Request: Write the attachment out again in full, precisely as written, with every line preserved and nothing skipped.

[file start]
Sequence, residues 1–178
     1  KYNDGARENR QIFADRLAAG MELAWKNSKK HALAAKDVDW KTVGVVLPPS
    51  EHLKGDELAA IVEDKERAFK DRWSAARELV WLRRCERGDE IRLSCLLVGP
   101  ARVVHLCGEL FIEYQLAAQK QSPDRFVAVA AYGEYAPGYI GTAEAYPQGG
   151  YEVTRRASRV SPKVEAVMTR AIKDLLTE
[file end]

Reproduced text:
Sequence, residues 1–178
     1  KYNDGARENR QIFADRLAAG MELAWKNSKK HALAAKDVDW KTVGVVLPPS
    51  EHLKGDELAA IVEDKERAFK DRWSAARELV WLRRCERGDE IRLSCLLVGP
   101  ARVVHLCGEL FIEYQLAAQK QSPDRFVAVA AYGEYAPGYI GTAEAYPQGG
   151  YEVTRRASRV SPKVEAVMTR AIKDLLTE